They may have signed on to the neobank experiment to get away from the Big Four banks, but tens of thousands of customers of neobank 86 400 will join the NAB as its UBank subsidiary snaps up the one-time disruptor after less than two years in operation.
Described by NAB chief operating officer Les Matheson as “consistent with NAB’s long-term strategy and growth plans”, the acquisition will see UBank – NAB’s online-banking subsidiary, with over 600,000 customers – hoover up 86 400’s more than 85,000 customers, $375m in deposits, $270m in residential mortgages, and 2500 accredited broker relationships.
Merging the Cuscal Group-owned neobank with 12-year-old UBank “will deliver accelerated innovation and an enhanced customer experience,” Matheson said, “to create a stronger and more competitive banking alternative for Australian customers.”
Robert Bell, CEO of 86 400, noted that the company had “challenged the status quo of banking through innovative products, services and technology”.
The acquisition – which will see NAB $220m to buy the 81.7 per cent of 86 400 that it doesn’t already own, valuing the upstart at $269.3m – marks a rapid exit by the neobank from an industry where it and its rivals were once determined to make big waves.
The company received its formal authorised deposit-taking institution (ADI) license in July 2019 – making it the third neobank to receive an ADI, after volt bank (January 2019) and Judo Bank (April 2019).
Yet 86 400 still outlasted rival Xinja Bank, which received its ADI in September 2019 and wound up its operations in December 2020 – just 15 months later – after the COVID-19 pandemic hobbled it in what the company called “an incredibly difficult capital-raising environment, and following a review of the market in Australia”.
As 86 400 exits the market by takeover rather than attrition, Bell was more circumspect – heralding the deal as a chance for the neobank’s customers to “benefit from NAB’s capital and balance sheet strength and investment spend to support accelerated growth and continued innovation.”
Disruption in a time of pandemic
Just a year ago, a DataM Intelligence analysis predicted rapid growth for Australia’s neobanking challengers, with the market expected to surge by 40 per cent annually to be worth $906m ($US46.5m) by 2026.
The four neobanks “stand apart from traditional banks, and even some of Australia’s online banks, in a couple of ways,” the analysis noted, “but the chief distinction is that neobanks have digital front ends (their apps) and back ends, meaning that they’re not beholden to the same legacy systems as traditional banks.”
Yet lightweight infrastructure would only take the neobanks so far: that prediction came as major neobanks launched their push to attract customers with fresh attitudes and aggressive (and well-received) savings interest rates – only to be sandbagged just weeks later as the COVID-19 pandemic sent the global economy into chaos.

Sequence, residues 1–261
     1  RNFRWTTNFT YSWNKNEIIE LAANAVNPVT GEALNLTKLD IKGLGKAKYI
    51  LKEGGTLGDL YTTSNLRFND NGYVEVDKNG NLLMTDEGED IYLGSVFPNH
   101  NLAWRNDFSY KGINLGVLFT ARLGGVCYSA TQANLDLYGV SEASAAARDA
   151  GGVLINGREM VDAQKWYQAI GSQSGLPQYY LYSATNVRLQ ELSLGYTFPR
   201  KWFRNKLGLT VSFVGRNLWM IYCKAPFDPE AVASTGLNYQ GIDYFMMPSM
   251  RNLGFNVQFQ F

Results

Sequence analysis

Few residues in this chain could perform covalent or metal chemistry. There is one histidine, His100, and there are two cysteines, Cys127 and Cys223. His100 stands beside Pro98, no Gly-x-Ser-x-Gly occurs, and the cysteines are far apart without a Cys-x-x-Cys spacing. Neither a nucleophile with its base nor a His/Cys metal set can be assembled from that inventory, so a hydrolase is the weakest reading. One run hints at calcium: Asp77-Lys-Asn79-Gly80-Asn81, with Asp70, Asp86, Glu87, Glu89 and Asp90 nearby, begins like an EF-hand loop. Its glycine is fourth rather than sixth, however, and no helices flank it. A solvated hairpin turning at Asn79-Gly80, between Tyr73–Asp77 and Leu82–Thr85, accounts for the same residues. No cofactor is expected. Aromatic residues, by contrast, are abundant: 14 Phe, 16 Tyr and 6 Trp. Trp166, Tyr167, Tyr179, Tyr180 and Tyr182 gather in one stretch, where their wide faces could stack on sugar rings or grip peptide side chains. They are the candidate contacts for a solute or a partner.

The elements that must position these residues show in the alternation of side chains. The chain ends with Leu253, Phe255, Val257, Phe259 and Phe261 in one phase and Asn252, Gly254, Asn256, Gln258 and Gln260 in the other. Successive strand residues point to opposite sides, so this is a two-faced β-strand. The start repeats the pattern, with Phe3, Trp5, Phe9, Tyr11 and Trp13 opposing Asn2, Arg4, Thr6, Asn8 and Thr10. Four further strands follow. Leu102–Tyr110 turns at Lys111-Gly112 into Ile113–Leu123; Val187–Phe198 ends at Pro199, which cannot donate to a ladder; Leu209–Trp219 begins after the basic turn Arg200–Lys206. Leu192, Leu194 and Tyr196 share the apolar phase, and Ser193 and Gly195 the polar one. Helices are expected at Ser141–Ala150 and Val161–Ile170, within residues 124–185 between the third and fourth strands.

The rapid failure of two high-profile neobanking efforts to stand on their own two feet may be a matter of bad timing – or a rapid confirmation that the neobanking concept doesn’t have as much promise as analysts have long believed.
Xinja’s failure, IBISWorld senior industry analyst Yin Yeoh noted after that bank’s rapid shutdown, “has highlighted the enormous difficulty new entrants have when attempting to disrupt the Australian banking landscape, given the massive scale and entrenched competitive advantages of the big four banks.”
Yeoh noted Xinja’s “delay in launching revenue-generating loan products,” flagging its savings-account strategy as “unsustainable” and a heavy reliance on investor funds that “dried up amid the COVID-19 recession”.
The early push of 86 400 into the mortgage market – which also felt the impact of the banking implosion – may have helped it stand out from savings-focused competitors, feeding a long-term revenue pipeline that may have made it more appealing to NAB as an acquisition target.
Where neobanks could still win
Companies with momentum gained from other existing businesses, one analyst noted, may find it easier to implement disruptive banking plays than startups clawing their way into the market from the ground up.
Established players like European neobank Revolut, which launched a digital walled in Australia last year, are backed by the critical mass of millions of customers.
Yet even if neobanks struggle to remain viable, there may still be opportunities for their philosophies to impact the market.
Value-added strategies – such as Volt’s white-label banking as a service partnership with Microsoft, and a successful SME-focused business model that helped Judo weather the pandemic better than most – may help them diversify enough to stay viable, Yeoh wrote, predicting that neobanks may “become more viable” as banking moves online.
Volt’s partnership – launched in September and referred to as ‘Volt 2.0’ in a seeming nod to the pandemic’s obliterative impact – will see its Temenos T24 cloud-based banking infrastructure rebadged for business partners to provide “full-service banking and payments to their own clients”.
The company’s “unique platform technology sets us apart from every other neobank in Australia,” CEO and founder Steve Weston said as the partnership was announced, “and positions us for incredible growth well into the future.”
Yet neobanks’ creativity may also be seeding ideas – or other potential takeover targets – with major banks “likely [to] focus on replicating the strategies of successful neobanks”, Yeoh said.
Neobanks, she predicted, “may be the beginning of a larger disruptive force” as “powerful prospective entrants” push into the industry over the next five years.